But Varekamp’s rodent-related investigations had only begun—for it wasn’t just the fur trade that left behind its signature in the Long Island Sound’s sediment, but New England’s beavers themselves. When he and Thomas examined their layers of muck, they found that diatoms, a kind of silica-based algae, had exploded around 1800. That made sense: Expanding European colonies and their livestock would have fouled the sound’s waterways with runoff around that time, fertilizing the ocean with nitrogen-rich waste and birthing algal blooms. To their surprise, however, they also found evidence of an earlier spike in algae, in the late 1600s, that appeared to be unrelated to human population. Varekamp scoured history for an explanation. He remembered mercury; he thought about hats and pelts and, finally, beavers.
The story, he told me, goes something like this. Southern New England’s earliest European explorers—including Adriaen Block, Varekamp’s fellow Dutchman, who sailed to the region four times between 1611 and 1614—instantly realized its fur potential. By the mid-1600s around eighty thousand pelts were leaving the region each year, bound for Holland and England.47 As beavers vanished, the same epic collapse of unmaintained dams that created peerless farmland also conveyed massive quantities of pond sludge—decayed leaves, sticks, insects, and other detritus—to the sea. The result was a surge of fertilizer that Varekamp and Thomas termed the “beaver peak.” “You have all these beaver ponds that are ultimately going to hell,” Varekamp told me, “and all that decaying wood and organic matter ultimately leads to a flux of nutrients to the sound and a pulse of algal blooms.”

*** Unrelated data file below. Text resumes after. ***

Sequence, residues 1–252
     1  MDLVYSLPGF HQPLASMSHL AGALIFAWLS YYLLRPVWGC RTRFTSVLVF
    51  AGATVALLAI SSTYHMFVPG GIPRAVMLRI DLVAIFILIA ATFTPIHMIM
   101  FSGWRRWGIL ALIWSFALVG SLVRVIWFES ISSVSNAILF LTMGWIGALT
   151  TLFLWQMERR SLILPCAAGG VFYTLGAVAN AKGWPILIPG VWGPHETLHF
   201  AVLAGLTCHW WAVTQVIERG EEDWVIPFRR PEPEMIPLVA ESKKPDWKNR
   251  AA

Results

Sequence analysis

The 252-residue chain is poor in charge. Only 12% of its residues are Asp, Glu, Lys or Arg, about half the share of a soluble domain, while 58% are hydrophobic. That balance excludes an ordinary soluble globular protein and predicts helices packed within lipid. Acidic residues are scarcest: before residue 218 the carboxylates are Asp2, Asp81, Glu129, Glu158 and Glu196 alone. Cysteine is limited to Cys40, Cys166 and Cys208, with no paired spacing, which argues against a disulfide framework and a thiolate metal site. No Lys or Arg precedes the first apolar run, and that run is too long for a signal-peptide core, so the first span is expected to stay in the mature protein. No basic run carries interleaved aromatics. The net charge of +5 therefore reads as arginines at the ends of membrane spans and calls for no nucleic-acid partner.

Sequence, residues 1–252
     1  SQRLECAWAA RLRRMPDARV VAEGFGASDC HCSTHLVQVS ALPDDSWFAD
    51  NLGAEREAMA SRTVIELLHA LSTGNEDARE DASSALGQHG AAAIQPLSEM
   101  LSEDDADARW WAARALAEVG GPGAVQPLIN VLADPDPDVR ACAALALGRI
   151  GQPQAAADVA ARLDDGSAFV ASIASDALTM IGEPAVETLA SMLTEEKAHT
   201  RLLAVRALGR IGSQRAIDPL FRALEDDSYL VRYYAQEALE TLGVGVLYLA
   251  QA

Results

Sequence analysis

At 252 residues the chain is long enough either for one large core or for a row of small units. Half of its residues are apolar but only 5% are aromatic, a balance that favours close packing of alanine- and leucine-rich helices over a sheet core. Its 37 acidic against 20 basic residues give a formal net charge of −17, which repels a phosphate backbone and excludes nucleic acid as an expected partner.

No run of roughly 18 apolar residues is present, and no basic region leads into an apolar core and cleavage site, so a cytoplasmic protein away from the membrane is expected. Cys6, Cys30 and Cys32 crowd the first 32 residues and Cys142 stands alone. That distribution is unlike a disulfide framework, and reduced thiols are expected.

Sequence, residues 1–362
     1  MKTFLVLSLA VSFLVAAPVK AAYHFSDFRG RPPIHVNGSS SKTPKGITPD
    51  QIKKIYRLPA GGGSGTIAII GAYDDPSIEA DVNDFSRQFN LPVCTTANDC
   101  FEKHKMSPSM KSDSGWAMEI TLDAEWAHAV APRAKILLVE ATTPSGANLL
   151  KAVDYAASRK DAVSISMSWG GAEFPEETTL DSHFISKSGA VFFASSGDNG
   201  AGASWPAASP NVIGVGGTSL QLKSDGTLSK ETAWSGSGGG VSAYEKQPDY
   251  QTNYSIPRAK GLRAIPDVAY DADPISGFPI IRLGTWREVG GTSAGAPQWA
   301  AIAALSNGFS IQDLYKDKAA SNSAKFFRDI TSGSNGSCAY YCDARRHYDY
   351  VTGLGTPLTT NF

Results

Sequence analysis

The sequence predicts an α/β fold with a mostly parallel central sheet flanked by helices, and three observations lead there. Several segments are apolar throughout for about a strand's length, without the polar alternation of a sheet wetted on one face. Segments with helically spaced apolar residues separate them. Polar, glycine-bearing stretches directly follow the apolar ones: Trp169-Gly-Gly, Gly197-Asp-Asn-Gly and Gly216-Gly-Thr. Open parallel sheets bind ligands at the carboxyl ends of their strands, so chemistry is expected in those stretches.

In other words: Beavers were so omnipresent, so influential, in the Northeast that their destruction can still be detected in the sea itself.
Colonists quickly choked New England with dams of their own, clogging Connecticut’s rivers alone with more than four thousand walls to power saw-, grist-, and paper mills. Even so, Varekamp said, Long Island Sound’s watershed still delivers several times more sediment to the sea than it did before white settlement. Partly that’s because deforestation destabilized soils and increased erosion; but partly it’s because, for all our dam building, we can’t hope to replicate the sediment-storing feats of our flat-tailed forebears. “Every secondary and tertiary river would have been totally dammed,” Varekamp said with a touch of melancholy. “It is hard to imagine what the overall landscape would have looked like—how gorgeous it was, how green, how lush.”
Don’t forget to join us on Tuesday, May 26th, from 7:00 PM – 8:00 PM for Goldfarb’s virtual presentation for GMC!